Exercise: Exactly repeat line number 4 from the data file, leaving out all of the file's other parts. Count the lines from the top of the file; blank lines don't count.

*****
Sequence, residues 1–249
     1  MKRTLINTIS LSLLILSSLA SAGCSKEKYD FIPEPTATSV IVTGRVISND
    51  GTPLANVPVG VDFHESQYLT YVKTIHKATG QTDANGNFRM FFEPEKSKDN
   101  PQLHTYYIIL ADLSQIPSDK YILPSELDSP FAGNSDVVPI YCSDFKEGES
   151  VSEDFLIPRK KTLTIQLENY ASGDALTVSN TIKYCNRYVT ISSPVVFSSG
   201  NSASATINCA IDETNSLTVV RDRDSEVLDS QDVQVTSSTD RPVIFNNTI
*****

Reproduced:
   101  PQLHTYYIIL ADLSQIPSDK YILPSELDSP FAGNSDVVPI YCSDFKEGES